an open primary in her south Devon constituency and
then election to office in 2010. She has since struggled
for insider influence given her readiness to criticise the
government publicly.

Not all is yet lost, according to Anthony Zacharzewski,
founder of the Democratic Society. His membership
organisation attempts to promote democracy and new
forms of governance by encouraging citizen participation
and bridge-building projects linking the public to those
in power.

On good days Zacharzewski, an ex-Whitehall civil
servant, believes it is possible to radically transform
both the public accountability and transparency of UK
representative democracy. On bad days he’s less optimistic
about chances for orderly change. ‘It’s a much more slow-
burning crisis than people would imagine, it’s more a
hollowing out. The thing I find much more positive is
that there’s still a desire for representative democracy but
people want it to be more representative,’ he said.

What he foresees is something of a transition to mass
participation in decision-making. Perhaps something
that looks a bit like representative democracy but which
involves MPs working in very different ways to how
they do today. All of which sounds reasonable enough
while also being frustratingly far off for all those in
Scotland facing their imminent referendum.

So, will Scots shy away from taking back power over their
political destinies or kick the Unionist can further down
the road until the day reforms crop up for all?

Lesley Riddoch, an author, journalist and commentator,
hopes her fellow Scots will opt for power even though
she’s not yet convinced they’ll dare: ‘No one has been
here before, so who knows?’ Riddoch has her
ears closer to the ground than most, criss-crossing the
country to promote her book Blossom: What Scotland
Needs to Flourish.
What she hears consistently is people’s
frustration with politics as usual. ‘They are sick of
platitudes from politicians on either side,’ she says. ‘We
know we are not hearing authentic responses.’

So she ignores opinion polls showing a hefty margin
in favour of the Union. She also recalls the SNP’s record
of repeatedly springing political surprises despite being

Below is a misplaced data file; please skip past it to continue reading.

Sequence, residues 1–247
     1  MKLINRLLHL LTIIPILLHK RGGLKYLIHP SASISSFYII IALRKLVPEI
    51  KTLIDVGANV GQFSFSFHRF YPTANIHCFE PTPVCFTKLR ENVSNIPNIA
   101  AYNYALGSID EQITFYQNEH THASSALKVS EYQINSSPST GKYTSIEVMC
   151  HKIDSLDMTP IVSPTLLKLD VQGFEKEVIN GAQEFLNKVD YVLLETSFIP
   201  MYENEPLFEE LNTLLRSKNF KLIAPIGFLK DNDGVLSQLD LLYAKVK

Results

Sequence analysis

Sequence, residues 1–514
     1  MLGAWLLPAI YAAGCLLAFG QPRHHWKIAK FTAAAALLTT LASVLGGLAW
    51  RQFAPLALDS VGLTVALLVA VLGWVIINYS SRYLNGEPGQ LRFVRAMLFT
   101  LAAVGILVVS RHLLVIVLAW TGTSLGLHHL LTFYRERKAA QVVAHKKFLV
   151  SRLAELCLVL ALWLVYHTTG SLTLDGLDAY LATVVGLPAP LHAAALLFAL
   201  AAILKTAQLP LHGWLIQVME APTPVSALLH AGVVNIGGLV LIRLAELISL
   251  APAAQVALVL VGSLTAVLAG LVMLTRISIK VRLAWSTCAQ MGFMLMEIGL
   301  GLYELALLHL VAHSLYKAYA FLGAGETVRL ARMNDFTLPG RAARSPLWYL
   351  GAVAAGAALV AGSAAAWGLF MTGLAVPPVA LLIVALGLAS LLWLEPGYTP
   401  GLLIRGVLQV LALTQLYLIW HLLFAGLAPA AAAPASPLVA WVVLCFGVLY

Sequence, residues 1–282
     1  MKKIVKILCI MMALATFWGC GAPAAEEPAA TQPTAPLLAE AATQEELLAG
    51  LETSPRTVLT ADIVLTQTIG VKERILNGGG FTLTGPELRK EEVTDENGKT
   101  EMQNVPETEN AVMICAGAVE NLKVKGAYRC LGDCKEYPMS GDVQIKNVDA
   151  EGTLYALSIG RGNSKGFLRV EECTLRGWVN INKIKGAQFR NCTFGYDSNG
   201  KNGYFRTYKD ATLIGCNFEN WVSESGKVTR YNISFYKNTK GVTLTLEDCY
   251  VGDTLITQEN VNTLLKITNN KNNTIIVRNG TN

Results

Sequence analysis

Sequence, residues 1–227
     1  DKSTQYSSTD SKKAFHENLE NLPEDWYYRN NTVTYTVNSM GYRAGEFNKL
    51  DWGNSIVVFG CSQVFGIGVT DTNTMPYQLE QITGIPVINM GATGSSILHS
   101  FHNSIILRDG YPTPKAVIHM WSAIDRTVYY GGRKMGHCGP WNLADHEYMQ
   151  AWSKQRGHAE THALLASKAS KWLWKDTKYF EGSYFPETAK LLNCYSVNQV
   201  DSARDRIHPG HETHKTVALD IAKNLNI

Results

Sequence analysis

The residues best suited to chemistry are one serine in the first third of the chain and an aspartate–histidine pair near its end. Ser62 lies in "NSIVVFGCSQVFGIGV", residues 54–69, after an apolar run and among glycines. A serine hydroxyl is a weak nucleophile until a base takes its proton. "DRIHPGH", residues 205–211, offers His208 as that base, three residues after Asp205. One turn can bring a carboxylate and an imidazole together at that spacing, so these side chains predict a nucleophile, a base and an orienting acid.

ignored, patronised and ridiculed in turn by various
versions of incumbent power. She says: ‘They have done
nothing but pull rabbits out of hats. In 2011, they were
still behind in the polls a couple of months before the

With three centuries of history on their backs, that
would be some rabbit and some hat.

Leave a comment

Filed under democracy, journalism

Kiev or Cairo? Which John Kerry statement matches which protest?

Date: 02/04/2013 Description: Secretary of State John Kerry displays his first diplomatic passport, while delivering welcome remarks to U.S. Department of State employees in Washington, D.C., February 4, 2013.  - State Dept Image

US Secretary of State John Kerry says something funny?


Compare and contrast US diplomacy on people protesting in the streets in the face of violent assaults by the authorities.

Democracy Now! reports on 15th August 2013 after at least 525 people were killed and more than 3,500 people wounded in government raids on protest encampments filled with supporters of ousted President Mohamed Morsi in Cairo. Police and troops used bulldozers, tear gas and live ammunition to clear out the two sit-ins.

Secretary of State John Kerry condemned the violence, but the Obama administration announced no moves to cut aid to the Egyptian military.

Secretary of State John Kerry: “Today’s events are deplorable, and they run counter to Egyptian aspirations for peace, inclusion and genuine democracy. Egyptians inside and outside of the government need to take a step back. They need to calm the situation and avoid further loss of life. We also strongly oppose a return to a state of emergency law, and we call on the government to respect basic human rights including freedom of peaceful assembly and due process under the law.”

The Guardian reported from Kiev on 11th December 2013 after thousands of riot police carried out a co-ordinated attack on barricades during the dead of night – a determined and unexpected crackdown on protesters who had occupied the centre of Ukraine’s capital for the past fortnight.

The US secretary of state, John Kerry, released a strongly worded statement on the events of the night: “The United States expresses its disgust with the decision of Ukrainian authorities to meet the peaceful protest in Kiev’s Maidan Square with riot police, bulldozers and batons, rather than with respect for democratic rights and human dignity. This response is neither acceptable nor does it befit a democracy.”